Can My Ex Quit His Job So He Doesn't Have to Pay Child Support?

by Dennis Masino
Unemployment does not end the obligation to pay child support.

Unemployment does not end the obligation to pay child support.

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Each state and the federal government have enacted laws to aid in the enforcement of a parent's court-ordered obligation to pay child support. Only a modification of the original support order can reduce or end the support obligation. A parent who is unable to pay child support in the amount specified in a support order must make an application to the court for modification. Unemployment, whether voluntary or involuntary, does not suspend a parent's obligations under a child support order.

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Support Obligation

A parent's obligation to pay child support may be contained in a judgment or decree of divorce or separation, or in a court order in a support proceeding. Subsequent changes in employment, income or the needs of the child may form the basis for a modification of the original support order, but only if the parent seeking the modification makes a formal written request to the court that is known as a motion. Absent a motion for modification, the original court order and the obligation to pay child support remain unchanged.

Loss of Income

A loss of income due to unemployment, illness, injury or other circumstance does not automatically release a parent from the obligation to pay court-ordered child support. It makes no difference whether the reduction or loss of income is caused by the voluntary actions of the paying parent or by circumstances beyond his control. If the parent who is obligated to pay child support has income from unemployment benefits, most states allow the amount of the child support to be deducted from those benefits.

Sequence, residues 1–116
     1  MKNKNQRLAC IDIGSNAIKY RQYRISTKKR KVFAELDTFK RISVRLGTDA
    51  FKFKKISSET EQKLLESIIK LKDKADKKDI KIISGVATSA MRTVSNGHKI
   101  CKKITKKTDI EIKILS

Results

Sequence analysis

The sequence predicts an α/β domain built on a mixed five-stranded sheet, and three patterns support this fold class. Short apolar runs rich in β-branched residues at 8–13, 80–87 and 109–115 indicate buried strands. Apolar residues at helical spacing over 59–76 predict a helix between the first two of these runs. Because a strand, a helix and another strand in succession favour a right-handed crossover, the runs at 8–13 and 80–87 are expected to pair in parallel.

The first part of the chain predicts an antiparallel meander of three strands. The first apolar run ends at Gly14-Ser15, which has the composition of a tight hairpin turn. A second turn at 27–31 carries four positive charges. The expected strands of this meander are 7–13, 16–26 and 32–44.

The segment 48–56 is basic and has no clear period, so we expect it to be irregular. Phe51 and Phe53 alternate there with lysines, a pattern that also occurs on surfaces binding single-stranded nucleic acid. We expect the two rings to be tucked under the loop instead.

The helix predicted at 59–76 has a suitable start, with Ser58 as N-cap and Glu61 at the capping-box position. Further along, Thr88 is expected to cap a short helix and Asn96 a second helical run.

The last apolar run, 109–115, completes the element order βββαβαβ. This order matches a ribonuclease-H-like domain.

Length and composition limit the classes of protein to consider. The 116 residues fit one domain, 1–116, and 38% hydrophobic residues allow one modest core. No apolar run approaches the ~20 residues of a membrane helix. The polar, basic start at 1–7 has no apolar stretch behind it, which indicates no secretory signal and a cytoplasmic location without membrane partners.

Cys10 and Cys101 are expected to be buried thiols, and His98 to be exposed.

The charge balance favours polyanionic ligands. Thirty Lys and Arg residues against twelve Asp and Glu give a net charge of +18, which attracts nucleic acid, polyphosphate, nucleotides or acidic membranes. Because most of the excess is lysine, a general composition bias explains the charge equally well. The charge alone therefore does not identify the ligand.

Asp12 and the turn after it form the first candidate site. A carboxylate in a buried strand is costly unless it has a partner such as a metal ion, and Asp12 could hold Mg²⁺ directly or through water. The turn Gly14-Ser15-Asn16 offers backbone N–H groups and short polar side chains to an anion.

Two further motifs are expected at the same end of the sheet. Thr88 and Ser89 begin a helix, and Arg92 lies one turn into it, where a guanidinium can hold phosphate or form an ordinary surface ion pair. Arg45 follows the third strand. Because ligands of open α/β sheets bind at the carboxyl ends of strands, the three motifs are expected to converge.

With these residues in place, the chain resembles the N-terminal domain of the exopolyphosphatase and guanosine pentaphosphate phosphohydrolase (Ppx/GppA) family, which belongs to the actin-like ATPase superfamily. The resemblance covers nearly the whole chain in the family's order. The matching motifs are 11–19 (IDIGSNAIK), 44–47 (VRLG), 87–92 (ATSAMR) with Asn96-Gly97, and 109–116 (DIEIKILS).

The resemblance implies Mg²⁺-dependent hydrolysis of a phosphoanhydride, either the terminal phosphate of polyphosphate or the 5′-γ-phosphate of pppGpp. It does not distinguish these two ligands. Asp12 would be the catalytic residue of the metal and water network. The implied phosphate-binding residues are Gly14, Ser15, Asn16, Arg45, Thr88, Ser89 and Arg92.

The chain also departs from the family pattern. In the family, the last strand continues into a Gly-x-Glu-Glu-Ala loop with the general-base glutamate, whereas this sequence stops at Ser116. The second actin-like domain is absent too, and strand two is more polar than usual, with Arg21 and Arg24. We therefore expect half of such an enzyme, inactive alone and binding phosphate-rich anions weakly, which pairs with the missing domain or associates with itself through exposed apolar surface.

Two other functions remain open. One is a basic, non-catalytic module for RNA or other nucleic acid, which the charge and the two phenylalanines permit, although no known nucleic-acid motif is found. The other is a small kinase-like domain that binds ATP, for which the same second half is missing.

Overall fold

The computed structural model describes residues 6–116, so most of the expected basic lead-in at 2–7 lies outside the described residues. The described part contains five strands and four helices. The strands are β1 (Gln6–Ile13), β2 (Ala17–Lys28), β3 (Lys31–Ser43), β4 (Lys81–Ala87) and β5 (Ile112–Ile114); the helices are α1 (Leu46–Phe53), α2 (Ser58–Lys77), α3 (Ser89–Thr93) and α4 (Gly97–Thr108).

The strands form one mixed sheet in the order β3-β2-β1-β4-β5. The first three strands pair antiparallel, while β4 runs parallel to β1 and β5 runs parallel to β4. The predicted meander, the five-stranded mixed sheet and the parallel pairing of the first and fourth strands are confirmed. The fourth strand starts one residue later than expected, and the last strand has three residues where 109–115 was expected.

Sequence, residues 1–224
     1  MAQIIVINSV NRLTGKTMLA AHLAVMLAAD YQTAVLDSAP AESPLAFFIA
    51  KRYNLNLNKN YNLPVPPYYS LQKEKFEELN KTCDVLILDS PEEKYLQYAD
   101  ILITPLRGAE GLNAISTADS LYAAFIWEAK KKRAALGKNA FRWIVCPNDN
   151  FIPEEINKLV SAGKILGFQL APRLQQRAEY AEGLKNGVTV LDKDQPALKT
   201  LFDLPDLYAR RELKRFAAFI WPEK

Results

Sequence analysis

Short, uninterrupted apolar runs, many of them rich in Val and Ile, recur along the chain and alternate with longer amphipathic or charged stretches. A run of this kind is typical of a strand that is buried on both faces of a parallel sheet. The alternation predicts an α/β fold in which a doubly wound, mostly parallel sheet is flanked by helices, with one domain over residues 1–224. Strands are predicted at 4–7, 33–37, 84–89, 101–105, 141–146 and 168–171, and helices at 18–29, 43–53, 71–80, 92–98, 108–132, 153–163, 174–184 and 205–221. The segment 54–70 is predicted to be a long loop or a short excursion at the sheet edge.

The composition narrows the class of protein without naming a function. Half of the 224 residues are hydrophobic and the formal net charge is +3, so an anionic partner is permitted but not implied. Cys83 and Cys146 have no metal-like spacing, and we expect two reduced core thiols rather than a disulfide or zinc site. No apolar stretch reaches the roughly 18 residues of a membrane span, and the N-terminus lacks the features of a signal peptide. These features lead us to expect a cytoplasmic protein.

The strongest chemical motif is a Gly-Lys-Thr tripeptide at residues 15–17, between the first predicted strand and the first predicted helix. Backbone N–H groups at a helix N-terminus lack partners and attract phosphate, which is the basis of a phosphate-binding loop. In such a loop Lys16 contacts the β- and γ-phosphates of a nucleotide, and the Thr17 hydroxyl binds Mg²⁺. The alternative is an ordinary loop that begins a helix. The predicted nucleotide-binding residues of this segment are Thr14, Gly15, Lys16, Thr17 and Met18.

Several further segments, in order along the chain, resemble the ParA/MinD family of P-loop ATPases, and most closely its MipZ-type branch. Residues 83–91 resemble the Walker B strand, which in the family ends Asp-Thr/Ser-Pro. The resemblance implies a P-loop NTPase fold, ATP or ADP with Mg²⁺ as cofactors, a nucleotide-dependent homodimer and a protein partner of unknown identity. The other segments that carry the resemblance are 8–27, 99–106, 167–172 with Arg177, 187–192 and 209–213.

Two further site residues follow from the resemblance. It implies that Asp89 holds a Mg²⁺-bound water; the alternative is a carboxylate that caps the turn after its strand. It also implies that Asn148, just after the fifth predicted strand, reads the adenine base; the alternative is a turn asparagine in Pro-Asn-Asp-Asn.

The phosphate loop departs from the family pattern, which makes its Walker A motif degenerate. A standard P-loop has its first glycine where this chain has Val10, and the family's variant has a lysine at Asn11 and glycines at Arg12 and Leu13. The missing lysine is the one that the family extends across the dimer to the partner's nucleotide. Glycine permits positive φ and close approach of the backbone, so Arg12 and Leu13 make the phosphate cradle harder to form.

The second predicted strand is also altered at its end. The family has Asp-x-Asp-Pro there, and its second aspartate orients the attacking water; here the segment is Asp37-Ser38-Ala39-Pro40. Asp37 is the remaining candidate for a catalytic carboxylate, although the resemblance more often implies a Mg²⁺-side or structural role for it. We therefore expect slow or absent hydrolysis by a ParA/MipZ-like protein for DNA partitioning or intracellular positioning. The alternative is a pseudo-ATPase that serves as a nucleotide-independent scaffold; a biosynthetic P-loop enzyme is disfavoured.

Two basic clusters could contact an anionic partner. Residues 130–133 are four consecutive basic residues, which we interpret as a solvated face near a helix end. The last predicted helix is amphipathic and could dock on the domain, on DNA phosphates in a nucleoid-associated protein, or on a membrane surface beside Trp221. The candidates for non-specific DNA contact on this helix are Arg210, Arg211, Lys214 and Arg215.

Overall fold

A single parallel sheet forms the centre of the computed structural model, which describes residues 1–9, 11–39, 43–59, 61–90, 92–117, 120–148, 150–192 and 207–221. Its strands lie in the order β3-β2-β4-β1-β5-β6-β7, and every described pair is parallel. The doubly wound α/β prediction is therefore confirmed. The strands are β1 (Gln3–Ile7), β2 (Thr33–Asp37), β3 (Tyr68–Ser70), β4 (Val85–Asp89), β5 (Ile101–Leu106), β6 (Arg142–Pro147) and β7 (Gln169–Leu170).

Imputing Income

A court can review a person's education, work history, health, age and other factors to determine whether he is voluntarily unemployed or underemployed in order to purposely avoid complying with his court-ordered child support obligation. If this is found to be the case, a judge may impute the person's income based on the amount he could earn in light of his earnings history if he were employed full-time. A court will not impute earnings if the person is legitimately unemployable.

Grounds for Modification

A person who is unemployed or whose income has decreased must make a motion asking the court to reduce the child support obligation. Support arrears continue to accrue up to the date the modification motion is made. Most states do not allow a court to relieve a person from support arrears accruing prior to the filing of the modification motion. A person seeking a modification of child support must prove a substantial, unanticipated change of circumstances. A judge is unlikely to grant a modification request based on a voluntary resignation from employment or reduction of hours worked.